By Dawn Brazell
As if the 12-hour flight from Detroit to Tokyo wasn't enough, there was
the earthquake in the middle of the night that woke up psychologists
Peter Tuerk and Matthew Yoder, and intern, Brian Hall. Not to mention
they were traveling with a Geiger counter and radiation dosimeters.
Not the best formula for a
good night's sleep.
These peaceful scenes from Japan
were taken by MUSC psychologists who recently traveled there to provide
disaster mental health training.
What was, though, were the
300 kazoos and whistles that the experts in Post Traumatic Stress
Disorder (PTSD) had brought along. The toys were teaching tools to give
to therapists attending workshops to better be able to help people
hardest hit by Japan's magnitude 9 earthquake March 11. Tuerk,
associate director of the PTSD Clinical Team at the Ralph H. Johnson VA
Medical Center and assistant professor in MUSC's Department of
Psychiatry and Behavioral Sciences, said the natural disaster was a
triple whammy given the subsequent tsunami and radiation scare.
The toys were a reminder
of the value of letting children living in temporary evacuation centers
be children and to encourage normal activities such as play and
homework. Fears regarding personal safety and anxiety in recalling
traumatic events are common after natural disasters, but the important
thing is to not avoid normal everyday activities. It was one of the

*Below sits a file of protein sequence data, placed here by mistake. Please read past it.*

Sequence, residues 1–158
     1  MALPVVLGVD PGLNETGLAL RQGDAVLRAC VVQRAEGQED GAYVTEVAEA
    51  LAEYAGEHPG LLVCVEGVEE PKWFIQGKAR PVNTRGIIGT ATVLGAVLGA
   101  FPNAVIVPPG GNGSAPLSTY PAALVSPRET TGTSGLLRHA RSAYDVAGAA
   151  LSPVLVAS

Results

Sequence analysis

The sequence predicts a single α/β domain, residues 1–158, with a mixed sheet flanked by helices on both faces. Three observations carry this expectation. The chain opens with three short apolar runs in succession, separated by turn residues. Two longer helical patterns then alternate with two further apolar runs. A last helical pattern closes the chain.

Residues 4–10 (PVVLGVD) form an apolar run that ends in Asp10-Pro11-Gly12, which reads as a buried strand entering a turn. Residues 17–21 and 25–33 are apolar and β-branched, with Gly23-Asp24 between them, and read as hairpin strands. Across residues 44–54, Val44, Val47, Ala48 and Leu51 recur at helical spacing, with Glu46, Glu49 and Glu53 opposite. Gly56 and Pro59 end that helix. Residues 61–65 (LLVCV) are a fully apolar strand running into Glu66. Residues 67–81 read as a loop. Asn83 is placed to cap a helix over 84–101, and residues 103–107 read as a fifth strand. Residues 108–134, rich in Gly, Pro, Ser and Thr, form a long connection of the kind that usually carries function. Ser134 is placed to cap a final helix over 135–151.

main messages that the internationally-renowned researchers delivered
in trainings for parents, therapists and community leaders.
Peter Tuerk lights a candle at a Buddhist shrine for the victims.
Part of a team invited to
go to Japan April 16 to provide disaster mental health training, the
psychologists met with students, community health workers and
professors at Tokiwa University in Mito, Japan. The team provided a
14-hour workshop training for students and therapists and a 2.5 hour
community education session (in Japanese, with translators) that was
attended by 140 community leaders, including police chiefs, school
principals and mayors. The community training was broadcast live on
Tuerk said the goal was to
provide education as a preventative measure against PTSD.
"When people don't have
their houses—when there is a high resource loss—their risk for getting
PTSD is much higher. So we're anticipating a lot of PTSD from this
event. It takes awhile for PTSD to develop. In that interim, while some
people might be developing symptoms, targeted education can help
prevent the disorder."
Tuerk and Yoder focused
the mental health worker's training on teaching about assessment and
screening, which is crucial following these events to identify the 10
to 20 percent of the population that typically is vulnerable to PTSD
following a tragedy. Yoder, also an assistant professor in MUSC's
Department of Psychiatry and Behavioral Sciences, assisted after
Hurricane Katrina and the Virginia Tech shootings, and he and Tuerk
also will be presenting materials in Alabama to help those recovering
from the storms.
Yoder said they had heard
that people in Japan might be more closed and reserved because of their
culture, but that they didn't find that to be the case.
Dr. Matthew Yoder gets a photo
beside two Japanese shoppers beneath tsunami art. To see a video of the
Japan trip, visit http://bit.ly/MUSCJapan.
"The people we trained
were very open to our being there. To me, this was a reflection of a
fundamental human desire to help in the face of suffering," said Yoder.
"There was a hunger, among the people we trained, to assist fellow
survivors, and we offered tools to do just that. Even though it felt